Stassen Berger, Kathleen,  (2016).  Invitation to the Life Span (3rd ed.).  New York, NY:  Worth.

Thanksgiving Challenge: Day 21

Evelyn

1779103_10202802296292327_2122406475_nToday I offer up thanks for my Aunt Evelyn. My childhood wouldn’t have been the same without her. She will be celebrating her 91st birthday in December.

She nor my aunt Kat ever married. They never had children. I was their child. My mother was their child. They devoted their lives to their jobs and to the church.

Evelyn has really struggled without Kat. They were inseparable and they lived together until Kat went into the nursing home. I’m sure it is much like losing a spouse. There is a void that cannot be filled by anything or anyone.

I am thankful that Evelyn is still with us and I see her at least once a week. I think it’s important that we take time to visit our elders. They are filled with knowledge and history. They are bound by a higher purpose to share that knowledge and that legacy with the next generation. So, by spending time with her, I help her fulfill that higher purpose.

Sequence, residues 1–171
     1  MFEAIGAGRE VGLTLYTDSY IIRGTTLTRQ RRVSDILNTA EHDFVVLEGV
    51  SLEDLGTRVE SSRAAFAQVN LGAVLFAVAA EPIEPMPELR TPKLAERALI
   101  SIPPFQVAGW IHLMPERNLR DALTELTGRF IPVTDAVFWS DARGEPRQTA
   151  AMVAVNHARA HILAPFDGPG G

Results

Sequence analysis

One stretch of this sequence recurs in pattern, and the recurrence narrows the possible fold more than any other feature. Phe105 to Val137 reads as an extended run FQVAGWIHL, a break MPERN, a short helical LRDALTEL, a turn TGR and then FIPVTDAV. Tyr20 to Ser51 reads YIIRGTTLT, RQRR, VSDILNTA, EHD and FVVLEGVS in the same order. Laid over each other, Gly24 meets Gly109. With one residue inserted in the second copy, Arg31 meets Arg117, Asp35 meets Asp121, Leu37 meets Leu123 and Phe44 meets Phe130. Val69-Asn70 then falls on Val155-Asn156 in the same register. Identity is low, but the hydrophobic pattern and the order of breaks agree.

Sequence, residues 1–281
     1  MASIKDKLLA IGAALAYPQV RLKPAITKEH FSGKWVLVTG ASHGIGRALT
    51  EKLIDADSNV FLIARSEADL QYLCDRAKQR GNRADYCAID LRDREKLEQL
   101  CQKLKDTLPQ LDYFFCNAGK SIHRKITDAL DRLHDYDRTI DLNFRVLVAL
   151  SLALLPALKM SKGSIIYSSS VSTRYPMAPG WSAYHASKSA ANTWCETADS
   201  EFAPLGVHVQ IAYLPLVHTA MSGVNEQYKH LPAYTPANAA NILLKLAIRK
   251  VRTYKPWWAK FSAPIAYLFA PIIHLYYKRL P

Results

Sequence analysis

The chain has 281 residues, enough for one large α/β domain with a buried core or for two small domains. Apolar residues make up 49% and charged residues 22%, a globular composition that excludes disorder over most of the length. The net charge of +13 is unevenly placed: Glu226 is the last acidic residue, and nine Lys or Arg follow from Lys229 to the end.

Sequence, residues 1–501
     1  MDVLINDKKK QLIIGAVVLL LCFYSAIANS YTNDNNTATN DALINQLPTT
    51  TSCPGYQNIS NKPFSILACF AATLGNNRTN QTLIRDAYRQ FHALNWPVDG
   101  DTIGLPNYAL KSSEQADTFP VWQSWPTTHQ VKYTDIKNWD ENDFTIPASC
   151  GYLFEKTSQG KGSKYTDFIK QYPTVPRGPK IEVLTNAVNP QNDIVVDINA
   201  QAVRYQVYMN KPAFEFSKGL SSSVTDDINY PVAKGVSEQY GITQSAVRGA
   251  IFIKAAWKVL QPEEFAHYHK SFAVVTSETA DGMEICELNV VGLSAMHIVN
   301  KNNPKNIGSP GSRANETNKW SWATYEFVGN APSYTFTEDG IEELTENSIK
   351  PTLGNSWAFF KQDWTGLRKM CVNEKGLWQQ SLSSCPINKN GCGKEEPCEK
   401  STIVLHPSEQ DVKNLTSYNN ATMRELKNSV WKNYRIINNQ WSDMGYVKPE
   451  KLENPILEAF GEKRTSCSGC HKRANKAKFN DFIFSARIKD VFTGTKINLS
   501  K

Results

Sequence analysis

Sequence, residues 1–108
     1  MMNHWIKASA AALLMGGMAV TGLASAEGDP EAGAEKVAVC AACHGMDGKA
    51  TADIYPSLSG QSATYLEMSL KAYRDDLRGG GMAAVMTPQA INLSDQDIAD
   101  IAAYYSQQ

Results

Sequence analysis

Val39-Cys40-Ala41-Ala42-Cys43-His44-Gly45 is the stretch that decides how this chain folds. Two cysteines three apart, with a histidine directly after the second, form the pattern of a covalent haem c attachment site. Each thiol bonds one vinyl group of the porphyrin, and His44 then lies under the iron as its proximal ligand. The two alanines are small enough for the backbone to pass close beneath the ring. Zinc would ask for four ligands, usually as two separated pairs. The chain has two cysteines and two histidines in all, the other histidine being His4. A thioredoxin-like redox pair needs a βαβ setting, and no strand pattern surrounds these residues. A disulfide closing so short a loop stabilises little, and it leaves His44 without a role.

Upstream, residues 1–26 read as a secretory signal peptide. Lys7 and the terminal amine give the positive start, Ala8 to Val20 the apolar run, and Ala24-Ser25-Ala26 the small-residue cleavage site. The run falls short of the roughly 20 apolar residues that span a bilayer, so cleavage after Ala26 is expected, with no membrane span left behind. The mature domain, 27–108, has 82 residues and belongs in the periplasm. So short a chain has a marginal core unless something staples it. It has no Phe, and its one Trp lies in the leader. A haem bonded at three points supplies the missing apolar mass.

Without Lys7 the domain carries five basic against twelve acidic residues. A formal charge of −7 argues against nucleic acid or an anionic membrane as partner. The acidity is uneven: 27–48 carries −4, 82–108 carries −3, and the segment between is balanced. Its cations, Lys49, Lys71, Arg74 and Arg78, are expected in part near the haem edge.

Thankful Challenge: Day 20

Kathleen

1779753_10202802297452356_1281414486_nI am thankful for my Aunt Kat. She passed on, but I certainly haven’t forgotten her. I look forward to her visits while I’m dreaming and think about her all of the time. There are times when I catch her perfume on some of my clothing and it’s like she never left. I think about her every single day. Thanksgivings haven’t been the same without her.

Death is a part of life, but sometimes it is difficult for us to navigate through that sea of grief. Years can pass and at certain times, especially around the holidays, depression can creep up on us before we even realize it. None of the holidays have been the same without her.